How to say No
Posted September 7, 2011on:
If you remember nothing else from this blog, remember this: ‘No’ is not a naughty word. It’s not a ‘four letter word’ nor is it one to be ashamed of saying. People struggle with saying ‘no’ because of feelings of guilt. While it’s flattering to be offered opportunities – going on vacation together, being a God parent – they may not be what you want. If you put yourself first by saying ‘no’ to some requests you can serve your friends and family better in other ways.
Remember too, look at your reasons for saying ‘no.’ If you’re rejecting an opportunity to stretch yourself a bit – for example, refusing to speak at your best friend’s wedding because you doubt your abilities to do a good job – reconsider. Sometimes people say ‘no’ because they’re afraid to take themselves out of their comfort zones.
When you do say ‘no’ – mean it. Saying ‘no’ while nodding your head and smiling gives mixed messages. Speak like you mean what you’re saying. That doesn’t mean you have to be harsh – just clear, concise and committed to what you’re saying.
This blog addresses how to say No to common requests from good friends – not unreasonable, but ones which will cause you a great deal of time, anxiety etc, that you can’t afford, such as public speaking. We have chosen a few common situations to guide you through saying no.
1. Will you be my child’s godparent? Before saying ‘no’ allow the person making the offer to ask and define what being a God parent entails. What commitments are involved? Once you’ve given them time to speak tell them that while you’re flattered by their request and that you look forward to being part of the child’s life, you’re not in a position to accept the invitation. You don’t need to give further explanation (Not religious, can’t meet the expectations, etc) Show your appreciation in your tone of voice and body language. A flip ‘thanks but no thanks’ can come off a bit gruff.
2. Will you be best man/woman? (You hate public speaking,) If the only reason you say ‘no’ is because you hate public speaking, get over it. Before saying ‘no’ outright, find out what the job entails. If the expectations are beyond your capabilities , thank the person for the opportunity and suggest an alternative choice. If the person is a good enough friend, you can find the resources to accept the offer even if it takes up time.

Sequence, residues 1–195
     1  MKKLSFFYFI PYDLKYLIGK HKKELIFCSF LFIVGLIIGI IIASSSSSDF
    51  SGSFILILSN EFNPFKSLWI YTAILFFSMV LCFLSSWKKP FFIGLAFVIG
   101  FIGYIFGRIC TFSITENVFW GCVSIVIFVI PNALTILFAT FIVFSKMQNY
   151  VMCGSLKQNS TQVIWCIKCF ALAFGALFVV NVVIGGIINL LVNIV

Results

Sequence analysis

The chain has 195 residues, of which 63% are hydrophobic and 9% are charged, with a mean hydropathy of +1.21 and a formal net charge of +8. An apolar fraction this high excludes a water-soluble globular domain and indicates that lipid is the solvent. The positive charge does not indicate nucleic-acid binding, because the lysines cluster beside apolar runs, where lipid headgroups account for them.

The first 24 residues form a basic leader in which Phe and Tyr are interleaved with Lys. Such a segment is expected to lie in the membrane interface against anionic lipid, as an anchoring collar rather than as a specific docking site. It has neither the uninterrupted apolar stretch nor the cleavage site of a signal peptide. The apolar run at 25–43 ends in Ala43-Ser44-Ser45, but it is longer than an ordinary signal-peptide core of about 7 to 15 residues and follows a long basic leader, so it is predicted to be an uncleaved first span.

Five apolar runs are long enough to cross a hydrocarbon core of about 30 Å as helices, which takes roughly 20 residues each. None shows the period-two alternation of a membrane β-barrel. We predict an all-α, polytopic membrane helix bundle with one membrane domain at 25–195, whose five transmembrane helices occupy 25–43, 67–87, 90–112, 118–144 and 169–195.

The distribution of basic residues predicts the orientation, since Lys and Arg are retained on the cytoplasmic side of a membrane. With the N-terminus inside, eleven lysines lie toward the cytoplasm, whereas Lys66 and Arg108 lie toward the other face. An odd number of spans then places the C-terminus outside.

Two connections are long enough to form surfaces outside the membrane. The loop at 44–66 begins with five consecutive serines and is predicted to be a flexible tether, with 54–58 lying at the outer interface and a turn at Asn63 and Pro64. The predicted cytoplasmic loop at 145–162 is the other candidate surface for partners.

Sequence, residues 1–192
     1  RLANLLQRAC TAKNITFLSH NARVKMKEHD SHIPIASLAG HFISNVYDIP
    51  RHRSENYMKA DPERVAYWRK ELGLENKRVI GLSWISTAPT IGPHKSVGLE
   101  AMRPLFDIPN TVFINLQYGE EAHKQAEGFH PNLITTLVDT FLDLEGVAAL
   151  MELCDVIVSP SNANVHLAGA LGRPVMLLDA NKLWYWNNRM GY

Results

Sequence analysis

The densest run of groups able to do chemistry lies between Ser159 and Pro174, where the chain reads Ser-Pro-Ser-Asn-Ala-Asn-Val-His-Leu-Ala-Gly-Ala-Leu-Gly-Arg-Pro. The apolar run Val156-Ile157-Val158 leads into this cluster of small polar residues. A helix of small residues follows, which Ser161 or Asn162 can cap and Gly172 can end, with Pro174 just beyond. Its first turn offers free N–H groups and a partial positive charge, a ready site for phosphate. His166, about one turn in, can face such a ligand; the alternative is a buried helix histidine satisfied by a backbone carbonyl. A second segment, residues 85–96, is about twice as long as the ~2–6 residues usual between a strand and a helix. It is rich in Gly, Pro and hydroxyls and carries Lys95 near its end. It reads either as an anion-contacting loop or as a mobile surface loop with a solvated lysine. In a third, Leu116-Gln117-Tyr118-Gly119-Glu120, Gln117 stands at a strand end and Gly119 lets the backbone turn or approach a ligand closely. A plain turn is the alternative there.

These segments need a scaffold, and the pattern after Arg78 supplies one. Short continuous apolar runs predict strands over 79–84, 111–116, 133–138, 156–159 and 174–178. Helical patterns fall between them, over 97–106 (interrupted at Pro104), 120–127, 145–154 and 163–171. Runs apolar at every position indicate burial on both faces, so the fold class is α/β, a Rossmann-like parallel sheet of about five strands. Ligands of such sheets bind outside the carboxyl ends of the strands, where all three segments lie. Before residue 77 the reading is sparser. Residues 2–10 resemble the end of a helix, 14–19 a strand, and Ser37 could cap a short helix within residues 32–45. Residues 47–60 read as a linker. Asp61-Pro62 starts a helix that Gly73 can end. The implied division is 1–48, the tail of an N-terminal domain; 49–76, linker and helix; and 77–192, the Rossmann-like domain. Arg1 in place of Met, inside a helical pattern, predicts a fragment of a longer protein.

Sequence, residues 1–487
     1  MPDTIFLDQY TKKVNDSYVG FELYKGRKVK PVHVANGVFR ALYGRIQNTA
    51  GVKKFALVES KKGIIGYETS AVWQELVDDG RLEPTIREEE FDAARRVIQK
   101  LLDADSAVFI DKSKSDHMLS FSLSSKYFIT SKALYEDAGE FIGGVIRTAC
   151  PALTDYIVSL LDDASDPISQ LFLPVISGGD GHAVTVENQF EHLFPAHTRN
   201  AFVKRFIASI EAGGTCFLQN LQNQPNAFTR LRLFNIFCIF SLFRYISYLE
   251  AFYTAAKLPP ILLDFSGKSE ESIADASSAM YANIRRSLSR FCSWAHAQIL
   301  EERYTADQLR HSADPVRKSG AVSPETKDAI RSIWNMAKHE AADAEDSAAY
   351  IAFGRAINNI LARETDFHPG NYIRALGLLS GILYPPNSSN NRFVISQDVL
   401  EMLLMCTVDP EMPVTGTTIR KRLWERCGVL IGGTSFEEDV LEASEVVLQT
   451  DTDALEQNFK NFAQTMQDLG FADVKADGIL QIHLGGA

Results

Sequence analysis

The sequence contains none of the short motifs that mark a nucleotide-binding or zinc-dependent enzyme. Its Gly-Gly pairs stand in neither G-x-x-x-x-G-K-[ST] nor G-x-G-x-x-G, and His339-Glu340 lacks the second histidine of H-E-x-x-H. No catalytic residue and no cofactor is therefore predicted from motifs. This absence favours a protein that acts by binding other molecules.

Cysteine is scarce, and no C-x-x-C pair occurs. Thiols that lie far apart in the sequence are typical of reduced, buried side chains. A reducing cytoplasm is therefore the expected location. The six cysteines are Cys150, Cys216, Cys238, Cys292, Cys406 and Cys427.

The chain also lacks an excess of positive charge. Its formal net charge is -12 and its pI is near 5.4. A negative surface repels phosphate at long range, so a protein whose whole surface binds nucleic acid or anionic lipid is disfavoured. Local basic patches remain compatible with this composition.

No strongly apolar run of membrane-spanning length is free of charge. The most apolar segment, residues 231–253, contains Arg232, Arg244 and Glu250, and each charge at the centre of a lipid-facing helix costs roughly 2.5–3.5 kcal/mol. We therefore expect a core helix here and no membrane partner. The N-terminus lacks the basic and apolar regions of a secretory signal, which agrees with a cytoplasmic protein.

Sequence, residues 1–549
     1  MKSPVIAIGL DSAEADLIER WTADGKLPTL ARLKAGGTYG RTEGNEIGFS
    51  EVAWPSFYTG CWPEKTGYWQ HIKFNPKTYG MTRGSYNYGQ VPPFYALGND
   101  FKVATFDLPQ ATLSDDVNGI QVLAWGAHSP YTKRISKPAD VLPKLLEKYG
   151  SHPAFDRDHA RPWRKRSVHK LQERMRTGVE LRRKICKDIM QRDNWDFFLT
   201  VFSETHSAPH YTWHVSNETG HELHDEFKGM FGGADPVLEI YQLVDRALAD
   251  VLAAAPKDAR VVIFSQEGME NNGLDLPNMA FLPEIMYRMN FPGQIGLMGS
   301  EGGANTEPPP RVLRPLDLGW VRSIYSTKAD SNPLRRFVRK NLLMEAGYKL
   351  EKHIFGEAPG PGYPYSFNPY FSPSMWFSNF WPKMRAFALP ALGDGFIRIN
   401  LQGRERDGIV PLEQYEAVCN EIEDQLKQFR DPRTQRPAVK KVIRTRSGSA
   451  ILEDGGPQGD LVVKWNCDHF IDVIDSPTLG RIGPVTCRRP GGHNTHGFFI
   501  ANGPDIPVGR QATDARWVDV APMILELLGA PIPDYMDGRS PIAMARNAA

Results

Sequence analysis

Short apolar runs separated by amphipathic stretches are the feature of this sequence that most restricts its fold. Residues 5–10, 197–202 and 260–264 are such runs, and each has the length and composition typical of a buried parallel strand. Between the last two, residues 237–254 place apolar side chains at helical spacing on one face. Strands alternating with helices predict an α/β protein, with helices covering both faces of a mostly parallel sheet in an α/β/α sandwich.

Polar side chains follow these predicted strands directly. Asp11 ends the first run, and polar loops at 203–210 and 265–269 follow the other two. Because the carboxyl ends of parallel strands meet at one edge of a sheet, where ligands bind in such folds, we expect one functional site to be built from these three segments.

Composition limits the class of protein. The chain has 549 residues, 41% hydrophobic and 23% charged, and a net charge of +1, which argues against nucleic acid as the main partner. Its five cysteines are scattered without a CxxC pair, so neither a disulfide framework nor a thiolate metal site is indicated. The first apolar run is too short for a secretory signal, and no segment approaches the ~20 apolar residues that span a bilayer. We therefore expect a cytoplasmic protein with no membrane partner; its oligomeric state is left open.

3. Shall we all go on holiday together? (You want a relaxing time with your own family) Tell them exactly that. That another time you’d enjoy going on holiday together, this time you want to be relaxing alone with your family. You don’t need to say a lot to get your point across clearly and concisely.
4. Can I come and stay after a marital row? (You’re busy/don’t have room/ don’t want to take sides) Let her speak so she feels valued and cared for. Then tell her that while you care for her the best thing she can do is rely on herself to work out the problem. Unless your friend is in physical danger – in which case you definitely don’t take her in , referring her instead to an abuse agency (Refuge, for example)– you’re not doing her any favours by treating her like a helpless child.
5. Can I borrow some money? The answers below are perfectly acceptable reasons for saying ‘no’. The second response – don’t trust them to pay back – could sound a bit harsh. You could frame your response in terms of ‘I wouldn’t want to put you in the difficult position of having to pay me back.’ Even Shakespeare knew not to mix funds and friendship (‘Never a borrower nor a lender be’ – Hamlet)
(You don’t believe in mixing friends & cash/ don’t trust them to pay it back)
6. Can you have my (difficult) teenager to stay while we go away for the weekend? Express your happiness for them that they’re getting away together. Empathetically, tell them that you have plans for the w/e that and are not able to help them out this time. You don’t need to go into any great explanation. As my grandmother used to say, ‘never complain, never explain.’
(Too much responsibility & you don’t want to row with him/her about drinking, lifts, etc.)
For those for whom ‘being liked’ is important, it’s hard to say no because it feels/sounds/looks like rejection. If you change your viewpoint and see saying ‘no’ as a way of empowering others to come up with their own solutions without relying on others to solve their problems, you’re giving them a gift.
We find it hard to say ‘no’ because we’re taught to be nice to others, to behave in a generous manner, to serve others, and to pay back for favours done. We also find it hard to say ‘no’ when the person asking is similar to us – be it background, beliefs, values, attitudes, behaviours, culture, religion, etc. Similarities create bonds. If you owe someone a favour it’s also hard to say no to them.
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